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  #7  
Old 06-25-2012, 08:58 AM
Musicat Musicat is offline
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Law or not, I would think the best place for new tires might be determined by which pair are the driving wheels, also the weight distribution. Not all cars are the same.
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  #8  
Old 06-25-2012, 08:58 AM
GreasyJack GreasyJack is offline
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I doubt there's any laws that say specifically that, but then there really aren't that many laws that go into the nitty-gritty of auto maintenance. What's more likely is that there's generic laws that say you have to safely maintain your vehicle, and now that pretty much the entire industry has explicitly come out in the "best tires go on the back" camp, it's no longer conscionable for a shop to put them on the front no matter how much the customer begs.
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  #9  
Old 06-25-2012, 09:04 AM
Thinktank Thinktank is offline
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the question is limited to the shops and whether I can put them on where I want later is not the point, I'm paying these people to put the tires on where I want them.
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  #10  
Old 06-25-2012, 09:12 AM
Earl Snake-Hips Tucker Earl Snake-Hips Tucker is offline
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My 2: In over 25 years of bying my own tires, I have never, ever encountered what you're saying.
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  #11  
Old 06-25-2012, 09:19 AM
yabob yabob is offline
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"Your tire installation includes free rotations?" .... "OK, when you're done mounting them on the rear, please rotate the tires, front to back.".
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  #12  
Old 06-25-2012, 09:43 AM
Czarcasm Czarcasm is online now
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This site claims that most tire manufacturers recommend that new tires be put on the rear, but no actual laws are mentioned-just court cases where the placement of the tires was a factor.
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  #13  
Old 06-25-2012, 09:54 AM
Una Persson Una Persson is offline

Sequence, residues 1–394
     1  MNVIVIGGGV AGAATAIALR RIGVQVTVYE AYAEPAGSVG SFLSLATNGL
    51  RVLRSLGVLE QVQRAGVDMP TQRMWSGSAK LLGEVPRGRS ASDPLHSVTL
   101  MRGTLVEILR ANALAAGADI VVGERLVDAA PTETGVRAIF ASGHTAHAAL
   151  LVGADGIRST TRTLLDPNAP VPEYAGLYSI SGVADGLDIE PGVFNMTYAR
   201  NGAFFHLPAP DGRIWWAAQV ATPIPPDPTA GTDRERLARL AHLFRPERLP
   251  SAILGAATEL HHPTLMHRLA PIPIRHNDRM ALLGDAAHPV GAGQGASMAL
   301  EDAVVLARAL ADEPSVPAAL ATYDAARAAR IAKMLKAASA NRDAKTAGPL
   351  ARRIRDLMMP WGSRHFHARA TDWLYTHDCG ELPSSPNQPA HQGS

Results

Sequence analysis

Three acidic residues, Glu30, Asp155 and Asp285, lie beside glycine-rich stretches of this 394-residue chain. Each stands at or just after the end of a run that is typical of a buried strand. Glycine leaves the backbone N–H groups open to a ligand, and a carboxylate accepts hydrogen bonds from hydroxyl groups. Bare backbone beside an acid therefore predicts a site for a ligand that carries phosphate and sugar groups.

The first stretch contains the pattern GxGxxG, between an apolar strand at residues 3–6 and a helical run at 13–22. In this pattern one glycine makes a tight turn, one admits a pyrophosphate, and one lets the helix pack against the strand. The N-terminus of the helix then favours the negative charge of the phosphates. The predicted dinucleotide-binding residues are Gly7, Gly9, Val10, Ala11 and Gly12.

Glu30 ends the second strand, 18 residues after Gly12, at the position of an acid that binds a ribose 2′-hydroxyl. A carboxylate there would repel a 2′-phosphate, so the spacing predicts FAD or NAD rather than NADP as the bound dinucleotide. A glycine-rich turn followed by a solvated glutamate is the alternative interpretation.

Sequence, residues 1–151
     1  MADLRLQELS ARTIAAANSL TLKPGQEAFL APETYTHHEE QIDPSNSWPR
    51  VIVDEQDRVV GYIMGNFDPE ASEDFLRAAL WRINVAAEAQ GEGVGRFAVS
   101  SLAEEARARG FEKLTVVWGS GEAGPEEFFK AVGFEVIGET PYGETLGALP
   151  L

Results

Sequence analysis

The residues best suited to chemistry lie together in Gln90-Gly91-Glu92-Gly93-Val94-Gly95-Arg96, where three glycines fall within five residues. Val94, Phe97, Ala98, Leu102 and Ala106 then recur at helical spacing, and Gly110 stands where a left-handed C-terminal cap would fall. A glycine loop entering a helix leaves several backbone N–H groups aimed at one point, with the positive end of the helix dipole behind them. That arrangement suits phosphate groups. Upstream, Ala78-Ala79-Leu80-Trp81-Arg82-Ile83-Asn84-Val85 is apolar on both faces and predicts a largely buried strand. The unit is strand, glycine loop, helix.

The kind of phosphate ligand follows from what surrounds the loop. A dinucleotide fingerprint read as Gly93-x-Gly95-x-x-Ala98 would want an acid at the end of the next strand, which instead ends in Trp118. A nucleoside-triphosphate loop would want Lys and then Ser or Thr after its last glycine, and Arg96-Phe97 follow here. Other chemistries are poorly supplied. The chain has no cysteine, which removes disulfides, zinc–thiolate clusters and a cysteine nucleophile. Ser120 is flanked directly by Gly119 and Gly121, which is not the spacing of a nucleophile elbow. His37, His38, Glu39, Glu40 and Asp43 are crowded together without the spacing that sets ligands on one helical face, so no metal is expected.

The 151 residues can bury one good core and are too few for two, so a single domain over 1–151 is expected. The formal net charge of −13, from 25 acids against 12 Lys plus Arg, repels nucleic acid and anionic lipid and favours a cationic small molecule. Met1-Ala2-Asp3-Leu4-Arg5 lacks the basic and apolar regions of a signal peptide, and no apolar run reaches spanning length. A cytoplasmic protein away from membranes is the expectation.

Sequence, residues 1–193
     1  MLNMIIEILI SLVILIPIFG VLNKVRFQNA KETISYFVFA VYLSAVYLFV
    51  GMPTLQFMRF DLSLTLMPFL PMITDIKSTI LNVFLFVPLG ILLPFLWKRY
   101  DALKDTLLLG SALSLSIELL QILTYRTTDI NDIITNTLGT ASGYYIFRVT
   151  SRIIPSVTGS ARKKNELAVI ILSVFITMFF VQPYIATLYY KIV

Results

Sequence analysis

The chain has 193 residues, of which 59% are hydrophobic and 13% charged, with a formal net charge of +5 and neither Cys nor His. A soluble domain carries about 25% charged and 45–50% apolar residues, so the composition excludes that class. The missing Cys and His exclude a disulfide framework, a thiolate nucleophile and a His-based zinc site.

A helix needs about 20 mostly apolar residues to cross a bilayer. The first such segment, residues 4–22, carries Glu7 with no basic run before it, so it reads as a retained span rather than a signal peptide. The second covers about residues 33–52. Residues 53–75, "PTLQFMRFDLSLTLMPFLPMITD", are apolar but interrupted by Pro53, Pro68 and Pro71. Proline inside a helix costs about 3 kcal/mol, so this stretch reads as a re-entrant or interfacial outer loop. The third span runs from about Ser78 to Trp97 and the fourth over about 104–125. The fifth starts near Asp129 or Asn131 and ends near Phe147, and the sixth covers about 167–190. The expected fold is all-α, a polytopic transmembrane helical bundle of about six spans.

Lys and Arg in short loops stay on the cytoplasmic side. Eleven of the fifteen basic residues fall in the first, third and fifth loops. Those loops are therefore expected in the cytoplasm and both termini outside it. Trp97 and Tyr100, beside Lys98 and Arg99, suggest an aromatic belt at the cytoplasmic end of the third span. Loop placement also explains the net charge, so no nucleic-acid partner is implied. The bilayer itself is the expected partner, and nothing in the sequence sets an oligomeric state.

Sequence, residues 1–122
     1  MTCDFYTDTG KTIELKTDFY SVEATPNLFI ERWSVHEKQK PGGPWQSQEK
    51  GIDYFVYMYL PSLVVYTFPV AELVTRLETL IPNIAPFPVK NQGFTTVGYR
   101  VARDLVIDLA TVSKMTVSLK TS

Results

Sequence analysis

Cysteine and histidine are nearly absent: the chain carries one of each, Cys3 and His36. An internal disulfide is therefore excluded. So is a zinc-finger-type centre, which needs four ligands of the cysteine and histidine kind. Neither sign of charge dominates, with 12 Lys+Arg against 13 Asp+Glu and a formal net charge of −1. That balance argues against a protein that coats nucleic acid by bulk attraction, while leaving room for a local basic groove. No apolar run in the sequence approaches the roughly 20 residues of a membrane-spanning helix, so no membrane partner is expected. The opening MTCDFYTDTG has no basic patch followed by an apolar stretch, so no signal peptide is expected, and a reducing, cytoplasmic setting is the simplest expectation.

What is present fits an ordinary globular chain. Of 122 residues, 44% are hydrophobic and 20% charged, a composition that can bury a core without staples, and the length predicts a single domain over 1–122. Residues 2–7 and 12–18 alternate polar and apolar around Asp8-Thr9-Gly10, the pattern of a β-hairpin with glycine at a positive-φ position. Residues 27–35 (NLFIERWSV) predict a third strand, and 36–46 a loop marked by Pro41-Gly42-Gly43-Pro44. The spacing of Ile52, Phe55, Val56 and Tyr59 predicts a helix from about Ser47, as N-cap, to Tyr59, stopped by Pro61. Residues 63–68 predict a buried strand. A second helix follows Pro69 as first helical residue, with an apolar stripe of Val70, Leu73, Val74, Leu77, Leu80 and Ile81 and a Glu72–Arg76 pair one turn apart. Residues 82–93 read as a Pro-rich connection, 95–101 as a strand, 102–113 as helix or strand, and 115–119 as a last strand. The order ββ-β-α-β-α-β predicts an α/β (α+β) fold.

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It sounds very similar to the apocryphal case of a confused average person standing in a shop while a bunch of smirking mechanics say "nope, sorry little lady, I know you just came in for brakes but the law says I can't legally let you drive out of here on those tires. You have to buy 4 new ones from us before we'll take your car off the rack...and you need some new muffler bearings too; don't want to break any noise ordinances either! Heh heh..."

The "new tires on rear" would be a stupid law anyhow, as there are several cars which have unique tires on each corner. Fierra's Corvette has unidirectional tires which are differently-sized on the front and rear - four completely different and definitely non-interchangeable tires.
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  #14  
Old 06-25-2012, 09:59 AM
An Arky An Arky is offline
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Does it make a difference whether the car is front-wheel or rear-wheel drive?
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  #15  
Old 06-25-2012, 10:06 AM
Farmer Jane Farmer Jane is offline
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I live in Colorado and was told the same thing. Also cost me extra to have them all rotated. I tried to find the law and couldn't. Thought about posting it on the Dope, but didn't.
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  #16  
Old 06-25-2012, 10:09 AM
StusBlues StusBlues is offline
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Originally Posted by An Arky View Post
Does it make a difference whether the car is front-wheel or rear-wheel drive?